A new study finds that simply reading pain-related words activates areas of the brain associated with pain in migraine patients, say scientists.

The study compared a group of people who suffer from migraines with a group of healthy control subjects. All participants viewed pain-related adjectives and negative, non-pain-related adjectives. They were instructed to either generate mental images (imagination condition) or to count the number of vowels (distraction condition). At the same time, their brain activity was recorded using magnetic resonance imaging (MRI).

“In migraine patients, pain-related adjectives as compared with negative adjectives elicited increased activations in the left orbitofrontal cortex and anterior insula during imagination and in the right secondary somatosensory cortex and posterior insula during distraction. More pronounced pain-related activation was observed in affective pain-related regions in the patient as compared with the control group during imagination. During distraction, no differential engagement of single brain structures in response to pain-related words could be observed between groups.”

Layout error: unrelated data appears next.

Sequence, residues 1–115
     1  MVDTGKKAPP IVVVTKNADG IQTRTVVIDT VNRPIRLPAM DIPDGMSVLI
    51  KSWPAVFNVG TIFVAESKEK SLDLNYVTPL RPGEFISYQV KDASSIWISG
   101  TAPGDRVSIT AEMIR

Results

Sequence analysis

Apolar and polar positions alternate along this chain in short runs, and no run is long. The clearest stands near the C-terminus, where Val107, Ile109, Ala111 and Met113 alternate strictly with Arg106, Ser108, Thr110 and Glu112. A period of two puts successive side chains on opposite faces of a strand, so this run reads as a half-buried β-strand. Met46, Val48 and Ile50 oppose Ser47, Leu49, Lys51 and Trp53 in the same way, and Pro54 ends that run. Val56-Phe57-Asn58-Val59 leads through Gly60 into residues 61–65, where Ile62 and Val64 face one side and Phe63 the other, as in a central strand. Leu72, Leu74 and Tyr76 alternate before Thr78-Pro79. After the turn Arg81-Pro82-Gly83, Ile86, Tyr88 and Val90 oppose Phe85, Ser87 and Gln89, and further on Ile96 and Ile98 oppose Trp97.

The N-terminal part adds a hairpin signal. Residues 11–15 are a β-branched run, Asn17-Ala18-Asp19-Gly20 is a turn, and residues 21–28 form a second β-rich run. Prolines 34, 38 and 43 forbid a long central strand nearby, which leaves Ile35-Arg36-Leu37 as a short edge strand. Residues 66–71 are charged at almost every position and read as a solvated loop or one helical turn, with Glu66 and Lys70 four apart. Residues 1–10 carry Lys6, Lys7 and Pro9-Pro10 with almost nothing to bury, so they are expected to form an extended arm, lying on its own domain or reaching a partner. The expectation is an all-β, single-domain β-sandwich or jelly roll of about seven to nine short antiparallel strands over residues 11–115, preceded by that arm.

“Overall, our findings indicate that there is an involvement of brain regions associated with the affective and sensory-discriminative dimension of pain in the processing of pain-related words in migraine patients, and that the recruitment of those regions associated with pain-related affect is enhanced in patients with chronic pain experiences.”

Pain – March 5, 2011;Epub.


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